You can use the Eval function to evaluate an expression that results in a text string or a numeric value.
You can construct a string and then pass it to the Eval function as if the string were an actual expression. The Eval function evaluates the string expression and returns its value. For example, Eval("1 + 1") returns 2.
If you pass to the Eval function a string that contains the name of a function, the Eval function returns the return value of the function. For example, Eval("Chr$(65)") returns "A".
Eval ( stringexpr )
The stringexpr argument is an expression that evaluates to an alphanumeric text string. For example, stringexpr can be a function that returns a string or a numeric value. Or it can be a reference to a control on a form. The stringexpr argument must evaluate to a string or numeric value; it can't evaluate to a Microsoft Access object.
Note: Examples that follow demonstrate the use of this function in a Visual Basic for Applications (VBA) module. For more information about working with VBA, select Developer Reference in the drop-down list next to Search and enter one or more terms in the search box.
Note: If you are passing the name of a function to the Eval function, you must include parentheses after the name of the function in the stringexpr argument. For example:
' ShowNames is user-defined function.
Debug.Print Eval("StrComp(""Joe"",""joe"", 1)")
You can use the Eval function in a calculated control on a form or report, or in a macro or module. The Eval function returns a Variant that is either a string or a numeric type.
The argument stringexpr must be an expression that is stored in a string. If you pass to the Eval function a string that doesn't contain a numeric expression or a function name but only a simple text string, a run-time error occurs. For example, Eval("Smith") results in an error.
You can use the Eval function to determine the value stored in the Value property of a control. The following example passes a string containing a full reference to a control to the Eval function. It then displays the current value of the control in a dialog box.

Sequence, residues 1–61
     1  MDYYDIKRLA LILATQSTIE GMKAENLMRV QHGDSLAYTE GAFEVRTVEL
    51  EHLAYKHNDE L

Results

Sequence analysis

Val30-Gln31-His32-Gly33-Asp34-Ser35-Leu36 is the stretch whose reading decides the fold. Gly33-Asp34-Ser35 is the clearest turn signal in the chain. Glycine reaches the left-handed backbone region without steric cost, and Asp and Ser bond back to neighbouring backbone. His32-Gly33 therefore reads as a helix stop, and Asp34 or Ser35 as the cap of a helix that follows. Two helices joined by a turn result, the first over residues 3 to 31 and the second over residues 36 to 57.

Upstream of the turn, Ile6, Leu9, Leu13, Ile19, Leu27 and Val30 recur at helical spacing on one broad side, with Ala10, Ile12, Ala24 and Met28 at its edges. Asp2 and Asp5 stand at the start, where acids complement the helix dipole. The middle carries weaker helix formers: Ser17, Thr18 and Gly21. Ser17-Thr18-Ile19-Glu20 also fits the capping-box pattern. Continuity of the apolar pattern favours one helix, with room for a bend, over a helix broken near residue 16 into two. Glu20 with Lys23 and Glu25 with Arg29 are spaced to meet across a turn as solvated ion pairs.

Dim ctl As Control
Dim strCtl As String
Set ctl = Forms!Employees!LastName
strCtl = "Forms!Employees!LastName"
MsgBox ("The current value of " & ctl.Name & _
" is " & Eval(strCtl))
You can use the Eval function to access expression operators that aren't ordinarily available in a Visual Basic for Applications (VBA) module. For example, you can't use the SQL operators Between...And or In directly in your code, but you can use them in an expression passed to the Eval function.
The next example determines whether the value of a ShipRegion control on an Orders form is one of several specified state abbreviations. If the field contains one of the abbreviations, intState will be True (–1). Note that you use single quotation marks (') to include a string within another string.
Dim intState As Integer
intState = Eval("Forms!Orders!ShipRegion In " _
& "('AK', 'CA', 'ID', 'WA', 'MT', 'NM', 'OR')")
The following example assumes that you have a series of 50 functions defined as A1, A2, and so on. This example uses the Eval function to call each function in the series.
Dim intI As Integer
For intI = 1 To 50
Eval("A" & intI & "()")
The next example triggers a Click event as if the user had clicked a button on a form. If the value of the button's OnClick property begins with an equal sign (=), signifying that it is the name of a function, the Eval function calls the function, which is equivalent to triggering the Click event. If the value doesn't begin with an equal sign, then the value must name a macro. The RunMacro method of the DoCmd object runs the named macro.
Dim ctl As Control
Dim varTemp As Variant
Set ctl = Forms!Contacts!HelpButton
If (Left(ctl.OnClick, 1) = "=") Then
varTemp = Eval(Mid(ctl.OnClick,2))